The World Factbook (1990)/Guadeloupe

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The World Factbook (1990)
United States Central Intelligence Agency
Guadeloupe

pages 122–123

Guadeloupe
(overseas department of France)


World Factbook (1990) Guadeloupe.jpg

 See regional map III



Geography


Total area: 1,780 km²; land area: 1,760 km²

Comparative area: 10 times the size of Washington, DC

Land boundaries: 14 km with Netherlands Antilles

Coastline: 306 km

Maritime claims:

Continental shelf: 200 meters or to depth of exploitation
Extended economic zone: 200 nm
Territorial sea: 12 nm

Climate: subtropical tempered by trade winds; relatively high humidity

Terrain: Basse-Terre is volcanic in origin with interior mountains; Grand-Terre is low limestone formation

Natural resources: cultivable land, beaches, and climate that foster tourism

Land use: 18% arable land; 5% permanent crops; 13% meadows and pastures; 40% forest and woodland; 24% other; includes 1% irrigated

Environment: subject to hurricanes (June to October); La Soufrière is an active volcano

Note: located 500 km southeast of Puerto Rico in the Caribbean Sea


People


Population: 342,175 (July 1990), growth rate 0.8% (1990)

Birth rate: 20 births/1,000 population (1990)

Death rate: 7 deaths/1,000 population (1990)

Net migration rate: -6 migrants/1,000 population (1990)

Infant mortality rate: 17 deaths/1,000 live births (1990)

Life expectancy at birth: 70 years male, 77 years female (1990)

Total fertility rate: 2.1 children born/woman (1990)

Nationality: noun—Guadeloupian(s); adjective—Guadeloupe

Ethnic divisions: 90% black or mulatto; 5% white; less than 5% East Indian, Lebanese, Chinese

Religion: 95% Roman Catholic, 5% Hindu and pagan African

Language: French, Creole patois

Literacy: over 70%

Labor force: 120,000; 53.0% services, government, and commerce, 25.8% industry, 21.2% agriculture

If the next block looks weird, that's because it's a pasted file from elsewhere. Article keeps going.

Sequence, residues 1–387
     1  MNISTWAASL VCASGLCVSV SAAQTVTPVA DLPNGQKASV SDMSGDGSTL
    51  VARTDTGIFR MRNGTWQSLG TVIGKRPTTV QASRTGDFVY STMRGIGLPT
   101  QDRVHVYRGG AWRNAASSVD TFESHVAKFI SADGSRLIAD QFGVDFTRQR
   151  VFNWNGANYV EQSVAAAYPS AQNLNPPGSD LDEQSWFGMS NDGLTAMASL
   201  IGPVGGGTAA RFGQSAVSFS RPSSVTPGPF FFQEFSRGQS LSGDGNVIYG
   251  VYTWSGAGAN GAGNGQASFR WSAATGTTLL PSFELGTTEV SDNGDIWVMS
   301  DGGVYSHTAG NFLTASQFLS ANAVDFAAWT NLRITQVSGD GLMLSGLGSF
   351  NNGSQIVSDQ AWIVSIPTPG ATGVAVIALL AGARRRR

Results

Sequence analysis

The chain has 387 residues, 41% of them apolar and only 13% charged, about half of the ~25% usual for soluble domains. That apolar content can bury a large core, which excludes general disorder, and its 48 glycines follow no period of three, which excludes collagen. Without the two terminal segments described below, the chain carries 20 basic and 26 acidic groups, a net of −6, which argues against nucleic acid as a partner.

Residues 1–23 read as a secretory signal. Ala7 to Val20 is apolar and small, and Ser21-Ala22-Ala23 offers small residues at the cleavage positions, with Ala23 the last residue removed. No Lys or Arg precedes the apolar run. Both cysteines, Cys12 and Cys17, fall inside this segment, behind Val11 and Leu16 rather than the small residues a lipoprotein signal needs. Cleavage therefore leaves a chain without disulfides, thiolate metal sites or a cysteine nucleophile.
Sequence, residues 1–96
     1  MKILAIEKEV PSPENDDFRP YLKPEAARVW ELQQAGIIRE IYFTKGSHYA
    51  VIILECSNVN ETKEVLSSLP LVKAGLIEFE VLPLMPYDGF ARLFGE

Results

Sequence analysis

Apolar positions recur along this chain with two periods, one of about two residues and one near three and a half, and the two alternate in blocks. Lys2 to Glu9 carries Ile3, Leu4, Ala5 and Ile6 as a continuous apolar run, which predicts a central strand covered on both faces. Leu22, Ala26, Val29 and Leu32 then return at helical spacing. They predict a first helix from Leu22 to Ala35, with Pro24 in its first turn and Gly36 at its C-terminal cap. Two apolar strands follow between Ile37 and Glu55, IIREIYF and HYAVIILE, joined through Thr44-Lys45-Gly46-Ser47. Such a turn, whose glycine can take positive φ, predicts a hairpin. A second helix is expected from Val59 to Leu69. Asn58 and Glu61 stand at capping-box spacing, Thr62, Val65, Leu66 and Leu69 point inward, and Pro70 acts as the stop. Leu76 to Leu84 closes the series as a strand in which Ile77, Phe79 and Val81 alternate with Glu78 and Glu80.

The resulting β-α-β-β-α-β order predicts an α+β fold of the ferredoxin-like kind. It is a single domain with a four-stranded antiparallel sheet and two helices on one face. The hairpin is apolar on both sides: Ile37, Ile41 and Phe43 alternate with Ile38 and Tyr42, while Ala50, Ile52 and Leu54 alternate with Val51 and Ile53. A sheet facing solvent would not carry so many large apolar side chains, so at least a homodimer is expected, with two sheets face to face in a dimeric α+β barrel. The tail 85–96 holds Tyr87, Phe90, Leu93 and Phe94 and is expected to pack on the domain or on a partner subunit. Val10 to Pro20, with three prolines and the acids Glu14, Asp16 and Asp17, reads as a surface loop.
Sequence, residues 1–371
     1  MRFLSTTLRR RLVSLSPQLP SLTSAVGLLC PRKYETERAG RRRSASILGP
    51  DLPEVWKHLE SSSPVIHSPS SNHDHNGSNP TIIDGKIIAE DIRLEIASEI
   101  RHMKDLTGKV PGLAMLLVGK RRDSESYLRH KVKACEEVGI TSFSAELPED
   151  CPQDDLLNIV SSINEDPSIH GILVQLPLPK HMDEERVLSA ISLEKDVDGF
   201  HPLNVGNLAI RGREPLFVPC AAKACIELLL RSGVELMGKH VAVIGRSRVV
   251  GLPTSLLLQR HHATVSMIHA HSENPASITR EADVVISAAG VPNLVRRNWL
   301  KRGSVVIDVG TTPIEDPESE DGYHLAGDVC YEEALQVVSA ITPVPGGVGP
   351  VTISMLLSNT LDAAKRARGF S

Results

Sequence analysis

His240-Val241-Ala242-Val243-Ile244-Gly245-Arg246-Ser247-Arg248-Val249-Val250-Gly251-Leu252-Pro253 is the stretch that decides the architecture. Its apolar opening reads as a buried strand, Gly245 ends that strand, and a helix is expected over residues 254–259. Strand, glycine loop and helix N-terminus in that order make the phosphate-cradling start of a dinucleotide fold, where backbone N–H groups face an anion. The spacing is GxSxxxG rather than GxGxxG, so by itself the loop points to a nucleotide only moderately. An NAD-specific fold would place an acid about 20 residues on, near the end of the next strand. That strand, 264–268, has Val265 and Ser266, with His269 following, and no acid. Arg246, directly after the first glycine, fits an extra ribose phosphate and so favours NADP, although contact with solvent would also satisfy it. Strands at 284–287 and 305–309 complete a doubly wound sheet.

Organized labor: 11% of labor force


Government


Long-form name: Department of Guadeloupe

Type: overseas department of France

Capital: Basse-Terre

Administrative divisions: none (overseas department of France)

Independence: none (overseas department of France)

Constitution: 28 September 1958 (French Constitution)

Legal system: French legal system

National holiday: Taking of the Bastille, 14 July (1789)

Executive branch: government commissioner

Legislative branch: unicameral General Council and unicameral Regional Council

Judicial branch: Court of Appeal (Cour d'Appel) with jurisdiction over Guadeloupe, French Guiana, and Martinique

Leaders: Chief of State—President François MITTERRAND (since 21 May 1981);

Head of Government—Commissioner of the Republic Jean-Paul PROUST (since November 1989)

Political parties and leaders: Rally for the Republic (RPR), Marlène Captant; Communist Party of Guadeloupe (PCG), Christian Medard Celeste; Socialist Party (PSG), Dominique Larifla; Independent Republicans; Union for French Democracy (UDF); Union for a New Majority (UNM)

Suffrage: universal at age 18

Elections: General Council—last held NA 1986 (next to be held by NA 1992); results—percent of vote by party NA; seats—(42 total) number of seats by party NA;

Regional Council—last held on 16 March 1986 (next to be held by 16 March 1992); results RPR 33.1%, PS 28.7%, PCG 23.8%, UDF 10.7%, others 3.8%; seats—(41 total) RPR 15, PS 12, PCG 10, UDF 4;

French Senate—last held on 5 and 12 June 1988 (next to be held June 1994); Guadeloupe elects two representatives; results—percent of vote by party NA; seats—(2 total) PCG 1, PS 1;